New research has exposed a disturbing campaign to promote vaccine hesitancy among schoolchildren and parents.
New research from Logically shedding light on efforts to promote vaccine hesitancy among schoolchildren and parents has exposed the disturbing lengths certain groups are willing to go to.
Over the past couple of months, stickers with QR codes that link directly to an anti-vax site targeted specifically at children have been appearing outside of schools across the country. In at least one school, children were sent into school with anti-vax leaflets to distribute with the aim of ‘planting seeds’ of dissent among their peers and parents.
These revelations come from a shocking new investigation from fact-checking site Logically, which shows how anti-vaxxer parents have begun coordinating on messaging platform Telegram to fundraise, swap tips and coordinate leafleting of schools. The group was originally known as “Future Z”, but following the publication of the report, has since changed its name to “Schools Working Group”. The group previously had a website under the “Future Z” moniker which has since been taken down, though the organising groups on Telegram remain active with around 1,000 participants.
Nichola Hindle-Marsh, a cosmetic tattooist and beautician from Leeds, has been identified as one of the founders of the group which started life as “Working Schools Group”. It was rebranded to Future Z in May 2021. Hindle-Marsh was found to have set up the group’s Twitter account. She is also listed on Companies House as the secretary of capital management company, Spadina Ltd, which was used to register Future Z’s website. Her husband, Peter Hindle-Marsh, runs the company. Hindle-Marsh was contacted by Logically for comment but did not respond to requests.
Five per cent of all the messages in the group have been sent by Hindle-Marsh: in them, she can be seen organising Zoom meetings, training members and dealing with general admin. In another series of messages, Hindle-Marsh is shown to have sent anti-vax leaflets into school with her daughter in order to ‘plant seeds’ with other parents and children. The organisation operates from a central Telegram hub with 44 ‘local’ channels, spanning the length and breadth of the UK. Members are encouraged to sticker outside of schools as well as to go on ‘missions’, which are discussed on separate channels. Training is offered for new members.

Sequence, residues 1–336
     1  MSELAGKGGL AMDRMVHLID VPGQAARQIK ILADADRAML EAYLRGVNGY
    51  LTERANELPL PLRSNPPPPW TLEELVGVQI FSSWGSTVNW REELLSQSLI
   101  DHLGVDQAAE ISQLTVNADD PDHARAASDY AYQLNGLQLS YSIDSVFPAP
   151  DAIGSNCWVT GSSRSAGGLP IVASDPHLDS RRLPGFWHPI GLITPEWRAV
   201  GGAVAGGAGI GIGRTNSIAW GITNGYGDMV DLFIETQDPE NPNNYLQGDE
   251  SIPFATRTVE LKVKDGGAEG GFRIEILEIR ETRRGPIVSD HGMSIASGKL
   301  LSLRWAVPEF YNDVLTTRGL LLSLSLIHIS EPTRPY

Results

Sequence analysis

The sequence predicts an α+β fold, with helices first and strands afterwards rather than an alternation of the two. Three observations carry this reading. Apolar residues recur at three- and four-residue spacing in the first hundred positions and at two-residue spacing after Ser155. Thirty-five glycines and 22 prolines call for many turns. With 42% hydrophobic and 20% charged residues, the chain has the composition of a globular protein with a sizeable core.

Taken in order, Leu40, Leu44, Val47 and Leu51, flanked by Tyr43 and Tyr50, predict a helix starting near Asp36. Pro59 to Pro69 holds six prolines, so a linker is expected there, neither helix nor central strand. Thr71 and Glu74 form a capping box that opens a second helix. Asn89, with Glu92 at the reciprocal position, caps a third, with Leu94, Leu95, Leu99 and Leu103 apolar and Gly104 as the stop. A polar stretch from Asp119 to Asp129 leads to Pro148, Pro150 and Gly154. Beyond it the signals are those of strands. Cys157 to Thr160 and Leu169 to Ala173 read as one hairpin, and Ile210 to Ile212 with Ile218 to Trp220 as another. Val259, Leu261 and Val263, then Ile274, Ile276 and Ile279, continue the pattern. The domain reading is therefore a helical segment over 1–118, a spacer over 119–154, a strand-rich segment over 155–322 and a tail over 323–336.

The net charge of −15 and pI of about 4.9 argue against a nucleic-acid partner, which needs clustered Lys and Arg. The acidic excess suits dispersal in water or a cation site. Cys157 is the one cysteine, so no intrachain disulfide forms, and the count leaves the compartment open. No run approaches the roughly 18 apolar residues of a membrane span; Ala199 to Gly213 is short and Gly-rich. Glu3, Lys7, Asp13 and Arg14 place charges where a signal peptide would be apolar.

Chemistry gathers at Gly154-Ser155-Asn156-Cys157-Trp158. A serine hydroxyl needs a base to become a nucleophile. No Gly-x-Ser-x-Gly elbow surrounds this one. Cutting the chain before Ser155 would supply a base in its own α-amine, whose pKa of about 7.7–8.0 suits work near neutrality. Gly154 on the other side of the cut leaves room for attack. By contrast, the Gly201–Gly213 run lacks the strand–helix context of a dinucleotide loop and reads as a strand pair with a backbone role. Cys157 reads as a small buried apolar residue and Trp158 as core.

The investigation revealed no fewer than 32 messages in the main Telegram hub from explicit QAnon groups and figures. There was also significant cross-posting from similar anti-vax and anti-lockdown groups. The hub also saw shared messaging to openly far-right channels, including ex-leader of the EDL Tommy Robinson pages, ‘Pepe’ groups and a “zero tolerance” UK news channel that frequently contains extremely racist content.
Until it was taken down, its website, which could be accessed through QR codes printed on stickers stuck outside schools, described the group as “Filled with like-minded young people, parents and grandparents”. It continued: “We are passionate about giving a voice to young people who are concerned about their school and education […] Together we shine the light on topics of concern that mainstream media and Governments choose not to show.” The description goes on to decry “overzealous lockdown measures” and “obedience culture”.
The site linked to a flyer that could be printed off aimed directly at children and teens which repackaged vaccine hesitancy for younger people. The flyer contained disinformation and hosted a QR code that linked to a page on Future Z’s hosting a video featuring Dr Charles Hoffe, who is notable for appearing on anti-vaxxer podcasts.
Further pages on the site mimic that of popular revision website BBC Bitesize containing more disinformation about Covid vaccines. The page also contains advice on how children can refuse the vaccine while also falsely claiming that being encouraged by family and friends to get vaccinated constitutes a ‘hate crime’.
Following the pulling of the website and the renaming of the group, Logically have reported that 21 of the 44 group fundraisers are still active, with the groups raising over £12,000 collectively so far for the distribution of anti-vax material to children and young people.
The investigation comes as the UK experiences the highest number of reported cases of Covid since January, with the steepest increase in the number of cases among people under 40. With a push to open the country back up on July 19 and growing calls to vaccinate children, schools and colleges look set to be a key battleground for anti-vaxxers going forward.
Ben Smoke is Huck’s Politics Editor. Follow him on Twitter.